When we talk about social media, we're really talking about the combination of two things: social interaction, and media content. Each channel serves a different purpose based on the percentage of that combination.
The interesting part of the spectrum is that certain media channels will change based on the demographic using them. I'm always stunned by how many likes on Instagram (100+ for very normal images) my sister would receive in high school for a picture I might receive 15. Her friend's response? "Oh, I always like everything." For them, Instagram was more social than media.
Think about the transformation of Facebook. My newsfeed used to only exist to tell me about the mundane status of my friends' meals, emotions, and events. Now, we share articles and exchange information. Most of my media consumption comes from Facebook or Twitter, both originally used for much more social purposes.
Twitter, Facebook's snarky sister, changed completely for me when I started a job as a marketer. My first cringe-worthy tweets were sarcastic complaints about #whitegirlproblems. Now I see it as a vehicle for activism, news, and providing helpful, quick information. I've completely changed my outlook on it as I've grown up. Twitter's certainly banking on that being the case.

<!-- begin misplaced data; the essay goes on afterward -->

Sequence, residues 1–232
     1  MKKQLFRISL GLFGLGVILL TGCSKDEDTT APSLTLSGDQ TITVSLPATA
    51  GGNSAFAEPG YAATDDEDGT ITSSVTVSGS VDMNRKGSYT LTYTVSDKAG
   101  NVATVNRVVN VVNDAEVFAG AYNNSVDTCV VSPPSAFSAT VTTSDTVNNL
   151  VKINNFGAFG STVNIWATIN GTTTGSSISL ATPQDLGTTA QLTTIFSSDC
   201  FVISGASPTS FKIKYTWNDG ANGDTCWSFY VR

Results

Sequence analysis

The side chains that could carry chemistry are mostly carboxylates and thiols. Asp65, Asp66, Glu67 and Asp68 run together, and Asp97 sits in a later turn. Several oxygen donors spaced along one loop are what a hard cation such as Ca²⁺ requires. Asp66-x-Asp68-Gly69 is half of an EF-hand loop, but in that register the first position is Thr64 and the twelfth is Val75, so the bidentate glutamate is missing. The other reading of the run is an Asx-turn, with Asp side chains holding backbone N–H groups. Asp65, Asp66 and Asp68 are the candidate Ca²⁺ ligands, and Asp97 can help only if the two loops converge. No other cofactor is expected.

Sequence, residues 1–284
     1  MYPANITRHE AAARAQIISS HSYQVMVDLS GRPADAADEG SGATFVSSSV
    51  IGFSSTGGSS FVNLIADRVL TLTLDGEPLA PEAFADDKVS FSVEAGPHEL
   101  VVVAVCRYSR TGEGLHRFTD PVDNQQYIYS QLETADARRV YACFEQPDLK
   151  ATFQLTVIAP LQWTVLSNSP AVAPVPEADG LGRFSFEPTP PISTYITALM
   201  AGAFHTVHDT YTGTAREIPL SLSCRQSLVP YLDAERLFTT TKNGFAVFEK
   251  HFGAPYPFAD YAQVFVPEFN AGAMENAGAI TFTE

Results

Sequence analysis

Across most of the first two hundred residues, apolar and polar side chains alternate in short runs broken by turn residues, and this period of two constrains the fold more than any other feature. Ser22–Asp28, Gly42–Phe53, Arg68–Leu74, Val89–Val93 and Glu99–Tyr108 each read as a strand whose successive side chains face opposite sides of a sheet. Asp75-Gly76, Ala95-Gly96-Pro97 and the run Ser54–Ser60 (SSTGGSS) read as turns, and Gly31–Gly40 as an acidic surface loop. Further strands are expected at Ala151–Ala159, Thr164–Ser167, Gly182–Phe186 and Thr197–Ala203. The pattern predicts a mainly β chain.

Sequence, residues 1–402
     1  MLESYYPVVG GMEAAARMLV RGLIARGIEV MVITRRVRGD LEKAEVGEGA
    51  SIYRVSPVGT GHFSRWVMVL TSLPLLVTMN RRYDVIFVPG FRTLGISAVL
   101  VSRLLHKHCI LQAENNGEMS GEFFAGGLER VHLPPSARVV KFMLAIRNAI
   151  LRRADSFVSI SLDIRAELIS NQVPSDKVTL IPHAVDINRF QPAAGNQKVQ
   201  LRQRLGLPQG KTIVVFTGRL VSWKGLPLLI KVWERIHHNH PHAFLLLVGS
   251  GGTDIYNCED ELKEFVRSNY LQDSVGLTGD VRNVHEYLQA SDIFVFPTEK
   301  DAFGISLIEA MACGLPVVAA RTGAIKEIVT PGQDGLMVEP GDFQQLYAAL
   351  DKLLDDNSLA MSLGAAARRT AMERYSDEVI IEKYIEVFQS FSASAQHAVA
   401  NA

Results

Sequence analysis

It's amazing to be able to follow the news in real time, and interact directly with those making news. There's so much potential for the future of democracy.
No one wants to become MySpace. (Remember that!?) Increasingly media channels compete to stay relevant. Facebook recently debuted two new features to bring it closer to trendier channels like Periscope or Meerkat with video. Instagram created a collage feature. And everyone is trying to capture Snapchat's magic formula.
Internet language is changing, fueled by changing channels. We speak in GIFs and Vines to act out, rather than say in words, what we're thinking and feeling. Because let's be real. This shows surprise or awe better than saying so:
That's why he's an actor and you're not. We've adopted a language of our pop culture as a new form of communication, all because of the social media spectrum.
I don't believe that social media is a timesuck anymore. With the increasing media nature of our favorite social channels, logging on becomes less about stalking people and more about getting informed. Because we choose who we follow and friend, we have the power to shape what we see online.
As for 2016? This year we'll see more video, more direct interaction, and more commerce in our social media. A year from now, it might not be a spectrum at all, but a cluster of media-focused channels intent on delivering content that'll drive you to buy.